Insufficient financing is probably the most common obstacle to starting a business. In addition to calculating how much money (capital) you'll need to start and run your business, you have to figure out where to get the funds and how the financing will be structured. Will you borrow from a bank or family member (debt), or will you take money from investors in exchange for a share in the ownership of the business (equity), or both? If you intend to seek equity financing, you will be subject to securities regulations.

Patents, trademarks and copyrights

How will you protect your intangible assets –your company's name, for example (trademark)? Perhaps you have an invention you wish to protect (patent). Or maybe you've written a book and wish to protect your written words (copyright). An experienced attorney can help you set up the protections you need.

Licenses, permits and registration

You may need to obtain licenses or permits, or even register with a government agency. For example, if you choose to create a corporation, you must register with the secretary of state. If instead you are a sole proprietor, you might be required to obtain business permits from, and/or register your business's name with the municipality. To find out more, contact the office of the secretary of state or the chamber of commerce in your state or municipality.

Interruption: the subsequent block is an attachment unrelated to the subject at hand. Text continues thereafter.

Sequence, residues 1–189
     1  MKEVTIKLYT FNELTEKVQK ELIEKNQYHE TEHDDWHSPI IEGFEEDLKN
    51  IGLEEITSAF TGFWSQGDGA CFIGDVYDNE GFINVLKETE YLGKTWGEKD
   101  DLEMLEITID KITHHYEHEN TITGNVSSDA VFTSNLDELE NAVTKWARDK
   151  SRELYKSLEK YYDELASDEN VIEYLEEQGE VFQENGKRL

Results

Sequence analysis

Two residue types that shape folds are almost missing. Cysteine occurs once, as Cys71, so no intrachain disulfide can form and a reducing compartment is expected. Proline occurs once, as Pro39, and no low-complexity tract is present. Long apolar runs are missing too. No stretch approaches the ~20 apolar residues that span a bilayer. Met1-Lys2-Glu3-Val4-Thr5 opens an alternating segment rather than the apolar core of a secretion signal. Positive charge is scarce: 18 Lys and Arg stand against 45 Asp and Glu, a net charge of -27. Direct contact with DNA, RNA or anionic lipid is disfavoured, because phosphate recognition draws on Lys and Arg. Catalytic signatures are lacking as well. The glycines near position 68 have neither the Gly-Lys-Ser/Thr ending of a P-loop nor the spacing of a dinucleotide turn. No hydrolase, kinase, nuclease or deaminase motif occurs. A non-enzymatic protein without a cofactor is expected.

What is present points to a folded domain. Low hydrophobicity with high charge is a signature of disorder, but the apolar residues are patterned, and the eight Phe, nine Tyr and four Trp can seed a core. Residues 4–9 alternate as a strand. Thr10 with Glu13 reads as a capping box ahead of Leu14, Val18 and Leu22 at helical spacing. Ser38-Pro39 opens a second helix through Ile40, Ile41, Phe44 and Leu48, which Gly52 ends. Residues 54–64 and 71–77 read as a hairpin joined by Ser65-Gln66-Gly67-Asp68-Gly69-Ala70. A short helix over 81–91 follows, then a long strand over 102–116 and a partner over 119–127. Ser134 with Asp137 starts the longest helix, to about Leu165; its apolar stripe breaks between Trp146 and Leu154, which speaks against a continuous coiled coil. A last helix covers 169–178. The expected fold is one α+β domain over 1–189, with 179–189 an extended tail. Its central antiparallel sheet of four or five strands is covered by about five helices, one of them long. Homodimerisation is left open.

Additional factors to consider when buying an existing business or franchise

In addition to all the factors above, there are other things to consider when buying an existing business. Is it a stock purchase or are you buying company assets? How is the business being valued? You may also want to reconsider the form of business entity – just because you bought the assets of a sole proprietorship doesn't mean you can't change the entity to some form of corporation. If you’re buying a franchise, remember that you are obligated to pay certain fees and accept a certain level of control from the franchisor.

Bringing it all together and aligning your business and personal goals

Starting or buying a business is an exciting time, but it can also be daunting and the wrong decisions could cost you down the road – both in terms of your business’ profitability as well as your personal financial stability and goals for you and your loved ones. It’s a good idea to invest in professional help to get your business started off on the right foot.

In our work with business owners at Weiss, Hale & Zahansky Strategic Wealth Advisors, our goal is to create a holistic financial plan that offers the best possible foundation and planning for your business, and your life. Because at the end of the day, it’s about more than the business. It’s about possibility and well-being for everyone you care about. Learn more about how we serve business owners through our strategic Plan Well, Invest Well, Live Well™ process.

Presented by Principal/Managing Partner and Chief Goal Strategist James Zahansky, AWMA®. Securities and advisory services offered through Commonwealth Financial Network®, Member FINRA/SIPC, a Registered Investment Adviser. These materials are general in nature and do not address your specific situation. For your specific investment needs, please discuss your individual circumstances with your representative. Weiss, Hale & Zahansky Strategic Wealth Advisors does not provide tax or legal advice, and nothing in the accompanying pages should be construed as specific tax or legal advice. 697 Pomfret Street, Pomfret Center, CT 06259, 860- 928-2341. http://www.whzwealth.com (http://www.whzwealth.com). © 2021 Commonwealth Financial Network®